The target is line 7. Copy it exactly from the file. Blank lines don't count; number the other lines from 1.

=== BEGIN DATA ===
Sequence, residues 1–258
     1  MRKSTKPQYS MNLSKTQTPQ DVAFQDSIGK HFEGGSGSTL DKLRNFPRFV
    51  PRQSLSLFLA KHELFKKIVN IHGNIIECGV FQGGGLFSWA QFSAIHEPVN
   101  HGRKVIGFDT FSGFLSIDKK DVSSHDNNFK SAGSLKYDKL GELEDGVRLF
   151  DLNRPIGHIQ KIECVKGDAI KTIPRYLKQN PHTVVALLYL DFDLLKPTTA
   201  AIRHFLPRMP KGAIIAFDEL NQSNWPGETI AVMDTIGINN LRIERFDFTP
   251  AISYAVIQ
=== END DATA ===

   251  AISYAVIQ